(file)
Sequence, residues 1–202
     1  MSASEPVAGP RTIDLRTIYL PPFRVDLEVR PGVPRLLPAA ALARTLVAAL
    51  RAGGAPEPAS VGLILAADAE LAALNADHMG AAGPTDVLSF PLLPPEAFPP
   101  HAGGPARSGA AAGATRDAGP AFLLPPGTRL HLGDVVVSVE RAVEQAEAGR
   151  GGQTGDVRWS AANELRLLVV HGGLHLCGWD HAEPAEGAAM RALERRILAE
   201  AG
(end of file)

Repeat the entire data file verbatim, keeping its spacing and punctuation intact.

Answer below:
Sequence, residues 1–202
     1  MSASEPVAGP RTIDLRTIYL PPFRVDLEVR PGVPRLLPAA ALARTLVAAL
    51  RAGGAPEPAS VGLILAADAE LAALNADHMG AAGPTDVLSF PLLPPEAFPP
   101  HAGGPARSGA AAGATRDAGP AFLLPPGTRL HLGDVVVSVE RAVEQAEAGR
   151  GGQTGDVRWS AANELRLLVV HGGLHLCGWD HAEPAEGAAM RALERRILAE
   201  AG